The major difference between these two functions is that NumPy Real returns a float or an array of floats containing the real component of the complex number, while NumPy Imag returns the value of the imaginary component of the complex number.

### Examples of Using Both Functions with Different Inputs and Data Types

The code examples in this section demonstrate how to use NumPy Real and NumPy Imag for various input parameters and data types.

#### Example 1: Using the NumPy real function with a single complex number

```
import numpy as np
z = 5 + 3j
print(np.real(z))
```

Output: 5.0

In this code example, we pass in a single complex number, which is `z = 5 + 3j`

. NumPy Real returns the real part of the complex number, which is 5.0.

#### Example 2: Using the NumPy imag function with a single complex number

```
import numpy as np
z = 5 + 3j
print(np.imag(z))
```

Output: 3.0

In this code example, we pass in a single complex number `z = 5 + 3j`

. NumPy Imag returns the imaginary part of the complex number, which is 3.0.

#### Example 3: Using the NumPy real function with an array of complex numbers

```
import numpy as np
z = np.array([2+3j, 4+5j, 6+7j])
print(np.real(z))
```

Output: [2. 4. 6.]

In this code example, we pass in an array of complex numbers `z`

containing three complex numbers. The NumPy Real function returns an array containing the real part of each element in the array.

#### Example 4: Using the NumPy imag function with an array of complex numbers

```
import numpy as np
z = np.array([2+3j, 4+5j, 6+7j])
print(np.imag(z))
```

Output: [3. 5. 7.]

In this code example, we pass in an array of complex numbers `z`

containing three complex numbers. The NumPy Imag function returns an array containing the imaginary part of each element in the array.

#### Example 5: Using the NumPy real and imag functions with non-complex numbers

```
import numpy as np
z = np.array([-1.5, 2, 3.5, 4.2])
print(np.real(z))
print(np.imag(z))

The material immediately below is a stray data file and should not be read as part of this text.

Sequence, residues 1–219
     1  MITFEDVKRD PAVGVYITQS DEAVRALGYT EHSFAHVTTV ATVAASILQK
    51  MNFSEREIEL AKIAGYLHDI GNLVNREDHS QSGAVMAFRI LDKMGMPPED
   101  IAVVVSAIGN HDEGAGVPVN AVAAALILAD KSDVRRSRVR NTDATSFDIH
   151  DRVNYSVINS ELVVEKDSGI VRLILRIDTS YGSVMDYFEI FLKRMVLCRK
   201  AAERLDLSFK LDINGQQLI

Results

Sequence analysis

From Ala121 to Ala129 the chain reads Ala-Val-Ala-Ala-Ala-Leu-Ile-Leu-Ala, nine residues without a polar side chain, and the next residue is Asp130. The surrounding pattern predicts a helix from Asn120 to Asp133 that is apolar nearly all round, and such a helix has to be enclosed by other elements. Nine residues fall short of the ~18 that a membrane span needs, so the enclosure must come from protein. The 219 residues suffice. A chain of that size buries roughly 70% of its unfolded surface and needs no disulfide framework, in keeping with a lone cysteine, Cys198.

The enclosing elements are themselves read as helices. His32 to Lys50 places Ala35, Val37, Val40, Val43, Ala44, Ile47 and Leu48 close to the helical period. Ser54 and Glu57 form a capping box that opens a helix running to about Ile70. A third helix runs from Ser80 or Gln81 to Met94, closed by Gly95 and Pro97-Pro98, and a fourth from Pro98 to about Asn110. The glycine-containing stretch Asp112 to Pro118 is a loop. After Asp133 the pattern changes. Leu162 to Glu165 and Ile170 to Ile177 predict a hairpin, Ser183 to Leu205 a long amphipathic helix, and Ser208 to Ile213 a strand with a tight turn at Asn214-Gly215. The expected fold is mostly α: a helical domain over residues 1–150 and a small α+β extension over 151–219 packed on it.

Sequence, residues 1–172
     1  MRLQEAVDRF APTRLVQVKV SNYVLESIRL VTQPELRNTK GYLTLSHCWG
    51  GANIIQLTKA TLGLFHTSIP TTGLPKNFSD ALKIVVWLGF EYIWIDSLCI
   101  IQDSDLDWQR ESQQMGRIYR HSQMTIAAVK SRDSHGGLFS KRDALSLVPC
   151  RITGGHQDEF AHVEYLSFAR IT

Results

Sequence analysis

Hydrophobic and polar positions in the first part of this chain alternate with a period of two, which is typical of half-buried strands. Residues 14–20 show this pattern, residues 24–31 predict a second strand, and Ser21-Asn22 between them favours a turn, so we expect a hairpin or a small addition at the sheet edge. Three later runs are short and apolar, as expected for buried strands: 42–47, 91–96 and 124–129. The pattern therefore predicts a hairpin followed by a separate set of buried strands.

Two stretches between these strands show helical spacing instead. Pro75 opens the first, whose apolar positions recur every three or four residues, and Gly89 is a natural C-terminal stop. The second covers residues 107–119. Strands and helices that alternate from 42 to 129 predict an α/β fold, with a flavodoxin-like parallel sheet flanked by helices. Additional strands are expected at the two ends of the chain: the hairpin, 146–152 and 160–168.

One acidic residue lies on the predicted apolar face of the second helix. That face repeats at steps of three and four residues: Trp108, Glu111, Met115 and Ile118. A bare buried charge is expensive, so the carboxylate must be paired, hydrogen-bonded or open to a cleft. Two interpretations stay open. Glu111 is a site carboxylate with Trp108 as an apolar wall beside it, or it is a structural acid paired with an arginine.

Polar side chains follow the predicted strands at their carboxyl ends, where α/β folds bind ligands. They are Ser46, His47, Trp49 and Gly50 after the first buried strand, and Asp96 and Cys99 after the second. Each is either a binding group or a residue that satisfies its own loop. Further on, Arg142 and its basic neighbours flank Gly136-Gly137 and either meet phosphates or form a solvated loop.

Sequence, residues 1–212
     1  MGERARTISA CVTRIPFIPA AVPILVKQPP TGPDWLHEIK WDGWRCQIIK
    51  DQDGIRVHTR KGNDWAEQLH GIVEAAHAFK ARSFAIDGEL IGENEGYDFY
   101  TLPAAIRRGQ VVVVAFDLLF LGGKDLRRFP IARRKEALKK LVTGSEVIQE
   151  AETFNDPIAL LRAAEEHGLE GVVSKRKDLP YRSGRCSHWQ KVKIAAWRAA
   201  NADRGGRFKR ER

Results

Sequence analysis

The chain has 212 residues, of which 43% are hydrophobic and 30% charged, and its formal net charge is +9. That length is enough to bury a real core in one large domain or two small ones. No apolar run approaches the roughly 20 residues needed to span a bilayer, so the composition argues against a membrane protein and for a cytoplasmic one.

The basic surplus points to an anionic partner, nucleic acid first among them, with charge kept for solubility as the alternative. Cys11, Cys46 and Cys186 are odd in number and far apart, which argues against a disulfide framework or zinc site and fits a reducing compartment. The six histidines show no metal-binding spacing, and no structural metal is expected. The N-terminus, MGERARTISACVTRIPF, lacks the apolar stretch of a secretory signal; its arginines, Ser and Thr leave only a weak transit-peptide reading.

```

Output: [-1.5 2. 3.5 4.2]

Output: [0. 0. 0. 0.]

In this code example, we pass in an array of non-complex numbers. Since the input is not a complex number, NumPy Real and NumPy Imag functions return the array of non-complex numbers as is.

### Summary

NumPy is a powerful package for scientific computing in Python, which can handle both real and complex numbers. The NumPy Real and NumPy Imag functions are two key features of NumPy that operate on complex numbers.

NumPy Real returns the real part of a complex number, while NumPy Imag returns the imaginary part of a complex number. Both functions have a common syntax, `np.real(z)`

and `np.imag(z)`

, respectively, producing a scalar or an array, depending on the input parameter.

When the input to these functions is non-complex numbers, they return the array as is. These functions are important tools for solving scientific and mathematical problems, and their usefulness is derived from their ability to extract essential data from complex numbers.

In this article, we explored two key features of NumPy, namely NumPy Real and NumPy Imag functions, and discussed how they work with complex numbers. The NumPy Real function returns the real part of a complex number, while NumPy Imag returns its imaginary part.

Both functions share a common syntax, and produce a scalar or an array, depending on the input parameter. These functions are critical tools for scientific and mathematical computations, and their usefulness is derived from their ability to extract essential data from complex numbers.

By understanding their syntax and applications, we can perform efficient analysis, computation, and mathematical operations on datasets involving complex numbers.